It seems like almost everyone who has been under long-term psychiatric care has embarked on a quest for the Holy Grail: the perfect medication cocktail. And it also seems like a lot of people never find it.
But I’m pleased to discover–my therapist and psych nurse both concur–that I’ve finally found mine. It treats a biological failure to produce enough of a couple critical substances: dopamine and progesterone.
I’ve known for years that dopamine was to blame for my mood and attention issues because only dopaminergic drugs ever helped. But there’s no “dopamine deficiency disorder” in the DSM, so they’ve labeled me with ADHD and Major Depressive Disorder. Although Wellbutrin XL and Adderall XR is a bad combo for most people–it makes them anxious, wired, and twitchy–it’s exactly what I need. The Adderall forces my body to produce a little more dopamine , the Wellbutrin makes it last longer, and presto! My brain works as expected when it has the right fuel. It’s extraordinarily liberating.
Countless hours scouring the Internet and medical literature suggests my genes are at fault; due to just a couple mutations, I don’t make much dopamine at all. The same goes for progesterone, which has a powerful effect on mood. Now that I take extra progesterone 10 days of the month, I only have a day or two of mild irritability and ennui, instead of two weeks of gut-wrenching depression and anxiety. My ovarian cysts are also vanishing.
I’m also taking low-dose naltrexone, the final ingredient for making it all work. How LDN interacts with hormones and mood isn’t entirely clear; but regardless of how it works, it works. Without the naltrexone, when I’m taking progesterone while under stress, the progesterone is “stolen” to make cortisol, leading to increased heart rate and canceling out the benefits of progesterone, leaving me with mood swings and a lot of physical pain. But with the naltrexone, those problems disappear again, so it seems to be a critical ingredient for my cocktail.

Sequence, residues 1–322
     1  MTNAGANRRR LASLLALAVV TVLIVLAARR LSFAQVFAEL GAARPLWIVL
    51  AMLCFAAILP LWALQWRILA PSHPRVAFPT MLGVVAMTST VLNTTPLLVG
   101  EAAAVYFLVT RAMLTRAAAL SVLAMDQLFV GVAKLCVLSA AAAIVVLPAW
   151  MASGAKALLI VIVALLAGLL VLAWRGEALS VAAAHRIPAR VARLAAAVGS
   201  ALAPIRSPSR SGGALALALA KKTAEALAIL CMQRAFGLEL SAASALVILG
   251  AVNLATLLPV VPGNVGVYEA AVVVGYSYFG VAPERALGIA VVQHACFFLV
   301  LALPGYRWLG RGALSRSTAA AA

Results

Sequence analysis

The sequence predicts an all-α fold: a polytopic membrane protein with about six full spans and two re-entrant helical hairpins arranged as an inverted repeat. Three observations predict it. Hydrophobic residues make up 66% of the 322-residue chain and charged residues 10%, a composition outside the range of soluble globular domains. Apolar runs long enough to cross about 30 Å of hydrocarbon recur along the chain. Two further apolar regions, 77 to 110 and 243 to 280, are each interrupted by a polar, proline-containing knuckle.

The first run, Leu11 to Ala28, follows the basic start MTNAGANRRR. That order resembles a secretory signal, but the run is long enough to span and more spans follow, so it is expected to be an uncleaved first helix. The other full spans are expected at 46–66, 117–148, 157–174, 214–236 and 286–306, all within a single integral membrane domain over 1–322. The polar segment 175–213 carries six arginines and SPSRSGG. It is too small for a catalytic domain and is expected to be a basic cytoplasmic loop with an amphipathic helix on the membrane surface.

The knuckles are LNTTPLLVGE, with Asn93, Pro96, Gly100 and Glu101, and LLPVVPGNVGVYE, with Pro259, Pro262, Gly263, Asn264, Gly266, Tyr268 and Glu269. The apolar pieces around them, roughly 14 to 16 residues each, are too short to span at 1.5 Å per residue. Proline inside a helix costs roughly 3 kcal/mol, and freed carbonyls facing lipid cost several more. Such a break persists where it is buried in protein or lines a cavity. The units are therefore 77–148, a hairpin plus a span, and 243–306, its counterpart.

Depending on how you count, it took me either 23 years or 2.5 years to get here, plus numerous doctors, many of whom made things worse instead of better. Most importantly, it took genetic testing, which helped me avoid years of guinea-pig-like experimentation.
For awhile I had hoped to reduce the number of meds I rely upon. I take quite a handful a daily basis when adding in vitamins and supplements, plus stuff to manage chronic sinusitis. But having gotten to a stable state–by which I mean my mood charts barely show a blip but I can unquestionably feel the full range of emotions and at the appropriate times–I’m really OK with taking a lot of meds. Evolution should have selected my genes right out of the pool, but here I am anyway; since it seems to be the only solution, I might as well enjoy better living through chemistry.
© DeeDee and A Canvas Of The Minds 2014. Unauthorized use and/or duplication of this material without express and written permission from this blog’s author and/or owner is strictly prohibited. Excerpts and links may be used, provided that full and clear credit is given to DeeDee and A Canvas Of The Minds with appropriate and specific direction to the original content.